Illinois Legislative Issues


Committed to serving as an advocate for Illinois libraries

ILA monitors all bills in the Illinois General Assembly that affect libraries. ILA's Public Policy Committee carefully reviews issues and recommends action: support, oppose, or monitor. We seek to indicate "monitor" status only as we are gathering information about a bill; the goal is to ultimately support or oppose laws that will affect libraries. In rare cases the impact on libraries remains unclear, or there is not consensus among librarians whether to support or oppose, but in general we try to avoid not taking a position.

In addition to monitoring bills, ILA proactively proposes and advocates for legislation favorable to libraries; drafting changes to existing law or new law, finding sponsors for bills we wish to bring forward, and then garnering support and following the process through passage in both the House and Senate, through signature into law by the Governor.


101st Illinois General Assembly, 2019 Spring Session

Illinois Library Association Initiatives

  • Refining language and making consistent for district and municipal libraries the current qualifications for serving as a library trustee: Public Act 100-1476/HB 2222, signed into law in September 2018, updated trustee eligibility to those who had lived in the district for at least one year, those who are not "in arrears in the payment of a tax or other indebtedness due to the library district," and those who have not been convicted of a crime. ILA seeks first to change "payment of a tax or other indebtedness due to the library district" to "payment of a property tax;" primarily over concerns about breaching patron privacy. Second, we seek to have this law also apply to elected trustees under the Local Library Act so that municipal libraries and district libraries are treated consistently. SB 1149 has been introduced for this purpose. As of the close of the spring session, the bill passed the Senate unanimously and an amendment was added in the House to exclude the Chicago Public Library. The bill will likely be heard during the fall 2019 veto session.

  • Continue to work with our partner organization, the Association of Illinois School Library Educators (AISLE) on an eventual goal to have a licensed school librarian in all schools in the state. ILA and AISLE recognize this is a long-term goal with interim steps, strategic alliances, and other approaches to be developed. ILA will continue to work with AISLE to outline a strategy. Currently, there are several pieces of legislation in the Illinois General Assembly:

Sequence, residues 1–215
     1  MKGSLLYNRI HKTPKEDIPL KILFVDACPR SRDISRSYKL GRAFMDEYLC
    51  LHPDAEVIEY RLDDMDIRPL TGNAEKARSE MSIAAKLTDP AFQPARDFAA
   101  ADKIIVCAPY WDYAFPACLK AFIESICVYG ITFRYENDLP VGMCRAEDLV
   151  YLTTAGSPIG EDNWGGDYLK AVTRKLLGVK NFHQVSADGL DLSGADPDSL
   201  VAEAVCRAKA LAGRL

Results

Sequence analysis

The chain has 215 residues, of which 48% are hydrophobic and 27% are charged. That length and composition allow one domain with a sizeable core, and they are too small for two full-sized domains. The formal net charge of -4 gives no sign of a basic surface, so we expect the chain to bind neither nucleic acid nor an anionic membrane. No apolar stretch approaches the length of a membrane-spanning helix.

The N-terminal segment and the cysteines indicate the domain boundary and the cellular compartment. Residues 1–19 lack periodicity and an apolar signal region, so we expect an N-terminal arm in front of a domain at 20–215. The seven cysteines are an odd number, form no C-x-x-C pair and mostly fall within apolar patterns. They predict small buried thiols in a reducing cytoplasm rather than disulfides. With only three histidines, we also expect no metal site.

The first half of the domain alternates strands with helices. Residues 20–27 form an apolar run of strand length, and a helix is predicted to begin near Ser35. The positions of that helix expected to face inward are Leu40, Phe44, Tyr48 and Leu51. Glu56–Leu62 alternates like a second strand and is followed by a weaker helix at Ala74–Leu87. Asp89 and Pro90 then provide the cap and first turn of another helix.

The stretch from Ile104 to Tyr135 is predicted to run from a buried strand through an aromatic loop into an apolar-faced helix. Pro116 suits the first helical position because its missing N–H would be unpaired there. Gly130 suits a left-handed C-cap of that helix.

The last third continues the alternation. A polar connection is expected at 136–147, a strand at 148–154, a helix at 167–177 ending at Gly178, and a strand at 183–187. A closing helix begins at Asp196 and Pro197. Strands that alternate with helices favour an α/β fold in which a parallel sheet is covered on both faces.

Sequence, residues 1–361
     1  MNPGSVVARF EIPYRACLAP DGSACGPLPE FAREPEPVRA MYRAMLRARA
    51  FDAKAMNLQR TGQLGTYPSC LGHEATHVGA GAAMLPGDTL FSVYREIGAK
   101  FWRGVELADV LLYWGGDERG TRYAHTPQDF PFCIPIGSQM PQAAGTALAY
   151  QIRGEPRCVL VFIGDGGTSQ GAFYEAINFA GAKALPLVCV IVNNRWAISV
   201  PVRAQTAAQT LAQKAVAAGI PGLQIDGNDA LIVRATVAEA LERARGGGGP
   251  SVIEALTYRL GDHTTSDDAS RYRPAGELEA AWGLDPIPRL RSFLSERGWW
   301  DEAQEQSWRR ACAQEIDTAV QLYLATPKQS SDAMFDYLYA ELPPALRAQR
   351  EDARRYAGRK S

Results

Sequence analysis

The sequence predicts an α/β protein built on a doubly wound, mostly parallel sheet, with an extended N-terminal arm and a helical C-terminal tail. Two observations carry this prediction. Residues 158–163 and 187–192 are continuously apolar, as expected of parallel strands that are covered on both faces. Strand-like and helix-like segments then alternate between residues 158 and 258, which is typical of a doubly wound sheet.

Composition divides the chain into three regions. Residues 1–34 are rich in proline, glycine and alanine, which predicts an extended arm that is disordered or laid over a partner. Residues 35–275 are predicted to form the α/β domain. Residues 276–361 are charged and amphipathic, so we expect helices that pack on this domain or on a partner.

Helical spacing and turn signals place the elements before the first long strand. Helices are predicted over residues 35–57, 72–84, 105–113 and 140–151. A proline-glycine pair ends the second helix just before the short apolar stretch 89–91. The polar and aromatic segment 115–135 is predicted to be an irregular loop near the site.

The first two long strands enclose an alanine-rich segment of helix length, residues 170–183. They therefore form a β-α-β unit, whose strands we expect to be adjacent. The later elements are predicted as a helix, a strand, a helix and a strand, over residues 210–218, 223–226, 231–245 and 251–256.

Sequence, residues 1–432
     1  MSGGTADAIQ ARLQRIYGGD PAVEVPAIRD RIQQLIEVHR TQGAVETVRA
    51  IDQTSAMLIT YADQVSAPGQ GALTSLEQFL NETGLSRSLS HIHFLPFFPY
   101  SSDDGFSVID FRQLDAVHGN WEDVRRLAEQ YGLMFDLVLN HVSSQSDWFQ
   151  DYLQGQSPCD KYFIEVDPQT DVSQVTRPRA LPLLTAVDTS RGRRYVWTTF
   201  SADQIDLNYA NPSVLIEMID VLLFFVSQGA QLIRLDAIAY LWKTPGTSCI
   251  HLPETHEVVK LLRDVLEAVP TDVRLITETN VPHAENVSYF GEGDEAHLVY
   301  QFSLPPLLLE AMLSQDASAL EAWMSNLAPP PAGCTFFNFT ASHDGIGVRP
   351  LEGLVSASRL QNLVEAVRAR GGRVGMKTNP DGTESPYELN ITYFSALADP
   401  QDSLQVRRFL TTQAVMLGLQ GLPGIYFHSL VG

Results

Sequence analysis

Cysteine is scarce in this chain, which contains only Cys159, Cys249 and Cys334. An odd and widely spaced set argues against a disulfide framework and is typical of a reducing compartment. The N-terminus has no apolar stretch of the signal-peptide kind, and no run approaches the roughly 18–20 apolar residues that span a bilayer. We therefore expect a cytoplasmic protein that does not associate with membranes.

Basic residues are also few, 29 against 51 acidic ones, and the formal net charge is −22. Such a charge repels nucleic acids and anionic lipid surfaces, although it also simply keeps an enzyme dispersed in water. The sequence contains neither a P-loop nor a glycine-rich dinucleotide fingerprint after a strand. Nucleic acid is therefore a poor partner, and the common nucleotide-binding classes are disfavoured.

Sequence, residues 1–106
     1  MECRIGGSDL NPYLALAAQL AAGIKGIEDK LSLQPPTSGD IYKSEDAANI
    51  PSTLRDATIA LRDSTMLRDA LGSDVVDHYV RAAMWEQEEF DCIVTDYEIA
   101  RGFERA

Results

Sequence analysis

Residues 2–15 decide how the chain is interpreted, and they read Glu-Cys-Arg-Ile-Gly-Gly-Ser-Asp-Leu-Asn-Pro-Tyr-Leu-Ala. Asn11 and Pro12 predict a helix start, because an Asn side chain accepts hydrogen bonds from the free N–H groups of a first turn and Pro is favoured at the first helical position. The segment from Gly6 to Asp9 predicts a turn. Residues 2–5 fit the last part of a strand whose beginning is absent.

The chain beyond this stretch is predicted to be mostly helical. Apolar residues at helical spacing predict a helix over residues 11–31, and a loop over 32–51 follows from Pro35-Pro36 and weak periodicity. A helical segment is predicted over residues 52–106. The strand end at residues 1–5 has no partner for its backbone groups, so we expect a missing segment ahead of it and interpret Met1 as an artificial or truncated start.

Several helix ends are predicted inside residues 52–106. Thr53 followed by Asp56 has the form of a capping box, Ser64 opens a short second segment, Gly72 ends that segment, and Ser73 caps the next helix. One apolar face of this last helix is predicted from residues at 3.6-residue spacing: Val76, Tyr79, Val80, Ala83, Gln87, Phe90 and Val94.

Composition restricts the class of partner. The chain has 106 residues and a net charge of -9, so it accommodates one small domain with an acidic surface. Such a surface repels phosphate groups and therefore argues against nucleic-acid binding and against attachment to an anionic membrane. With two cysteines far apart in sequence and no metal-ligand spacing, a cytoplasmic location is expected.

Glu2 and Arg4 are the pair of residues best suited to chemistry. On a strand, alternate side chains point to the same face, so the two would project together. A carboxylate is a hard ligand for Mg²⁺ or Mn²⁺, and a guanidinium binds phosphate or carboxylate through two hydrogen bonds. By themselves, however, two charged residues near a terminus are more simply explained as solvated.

-HJR 9 Media Literacy Task Force: ILA and AISLE support this legislation, and had advocated for the addition of a licensed school librarian as one of the appointees. No such explicit addition was made, although school librarians are certainly eligible to serve. As of the close of the spring session, it is on the Calendar Order of Resolutions and we expect to be adopted in the fall. At that time ILA and AISLE will submit a nomination to the appointing official. 
    -HR 10 No EDTPA: This legislation, which proposes eliminating the EDTPA test as a requirement for professional educator licensure in Illinois, was adopted and is a non-binding recommendation to the Illinois State Board of Education. 
    -HB 256 No Videotaping: This legislation, which proposes no longer requiring a videotape of a student teacher in the classroom as a requirement for professional educator licensure in Illinois, passed the House but did not pass the Senate. It was re-referred to the Senate Assignments Committee.
    -HB 1559 Media Literacy: This legislation, which proposes a school may include media literacy in its curriculum, passed the House but was not considered by the Senate committee deadline and was re-referred to the Senate Assignments Committee.

Additional Illinois Legislation

  • HB 305 Municipal Convention Expenses (identical to HB 2075): ILA opposed this legislation, which would preclude the use of public funds for participation in continuing education events by librarians, library staff, and trustees. As of the close of the spring session, it did not advance.
  • HB 307 Citizens Empowerment Act: ILA opposed this legislation, which would enable referenda to dissolve units of local government, on the grounds that library service is a public good and it is our goal to increase access to information and resources, not decrease it. As of the close of the spring session, it did not advance.
  • HB 317, HB 320, HB 821, HB 924, HB 2320, HB 2630, HB 2835, HB 3281, SB 81, SB 1553SB 1632 Property Tax Freezes: ILA opposes tax-freeze legislation, which preempts local control. Local library trustees’ and school boards' primary duty is to manage local revenues and expenditures. A freeze nullifies this most basic responsibility. A freeze is especially harmful when accompanied by unfunded mandates. As of the close of the spring session, none of these bills advanced.